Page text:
What is all the nonsense about the “liberal media”? Barak Obama and John McCain make the same blunder: referring to the lives lost in the Iraq War as “wasted.” But the media’s response is very different.
The general in charge of Walter Reed Army Medical Center has been fired (or, in Army parlance, “relieved of his command”).
Army officials informed Maj. Gen. George W. Weightman this morning that the nation’s oldest military service had “lost trust and confidence in the commander’s leadership abilities to address needed solutions for soldier-outpatient care” at the hospital. Army Secretary Francis J. Harvey made the decision yesterday, Army officials said.
However, Weightman has been at the post for only six months, and he’s certainly not the main problem. Weightman will be replaced by the head of U.S. Army Medical Command, Lt. Gen. Kevin Kiley, for now. Kiley seems to be a much worse problem. For example:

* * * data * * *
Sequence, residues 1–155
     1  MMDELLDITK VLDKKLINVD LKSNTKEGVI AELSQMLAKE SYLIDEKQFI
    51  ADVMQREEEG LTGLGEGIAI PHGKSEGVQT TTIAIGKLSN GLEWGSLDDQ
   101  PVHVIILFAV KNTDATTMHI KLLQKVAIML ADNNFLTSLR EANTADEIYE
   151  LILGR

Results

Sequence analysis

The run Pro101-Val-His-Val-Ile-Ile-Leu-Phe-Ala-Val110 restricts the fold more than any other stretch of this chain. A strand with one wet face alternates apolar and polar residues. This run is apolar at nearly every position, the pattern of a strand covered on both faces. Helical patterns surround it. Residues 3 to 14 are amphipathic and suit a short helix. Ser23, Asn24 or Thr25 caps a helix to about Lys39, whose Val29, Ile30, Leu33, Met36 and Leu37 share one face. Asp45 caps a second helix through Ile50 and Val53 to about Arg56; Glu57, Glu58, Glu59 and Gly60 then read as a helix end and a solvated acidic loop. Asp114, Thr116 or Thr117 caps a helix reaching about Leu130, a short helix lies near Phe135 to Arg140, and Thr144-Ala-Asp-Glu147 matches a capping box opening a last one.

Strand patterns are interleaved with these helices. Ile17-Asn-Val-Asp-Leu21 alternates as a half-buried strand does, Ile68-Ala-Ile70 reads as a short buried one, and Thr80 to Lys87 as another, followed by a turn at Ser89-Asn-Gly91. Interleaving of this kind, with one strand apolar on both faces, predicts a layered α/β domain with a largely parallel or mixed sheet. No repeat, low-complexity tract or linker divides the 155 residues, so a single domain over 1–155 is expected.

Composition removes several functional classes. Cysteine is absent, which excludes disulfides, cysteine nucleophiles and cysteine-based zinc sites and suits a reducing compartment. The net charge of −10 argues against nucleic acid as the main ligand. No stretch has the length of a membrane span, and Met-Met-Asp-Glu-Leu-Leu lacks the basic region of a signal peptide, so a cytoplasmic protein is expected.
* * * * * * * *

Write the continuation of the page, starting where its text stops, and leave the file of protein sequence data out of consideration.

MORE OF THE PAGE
In a news conference last week, Kiley, now the Army’s surgeon general, said the problems found in the building “weren’t serious and there weren’t a lot of them.”
That view was strongly contradicted by Gates, who later last week called conditions at building 18 “unacceptable.” Gates said he will hold the responsible officials accountable after he receives the results of a 45-day review, which he said will be released to Congress and the public.
“We take this very seriously,” a Pentagon spokeswoman told ABC News today.
Some specific instances of Kiley’s deliberate neglect of the problem:
Among those who brought the problems to the attention of Kiley and other Walter Reed and military officials, according to the Post:
Steve Robinson, director of veterans affairs at Veterans for America, said he told Kiley in 2003 that “there are people in the barracks who are drinking themselves to death and people who are sharing drugs and not getting the care they need.” Some missed appointments because Walter Reed officials had lost track of them, Robinson said.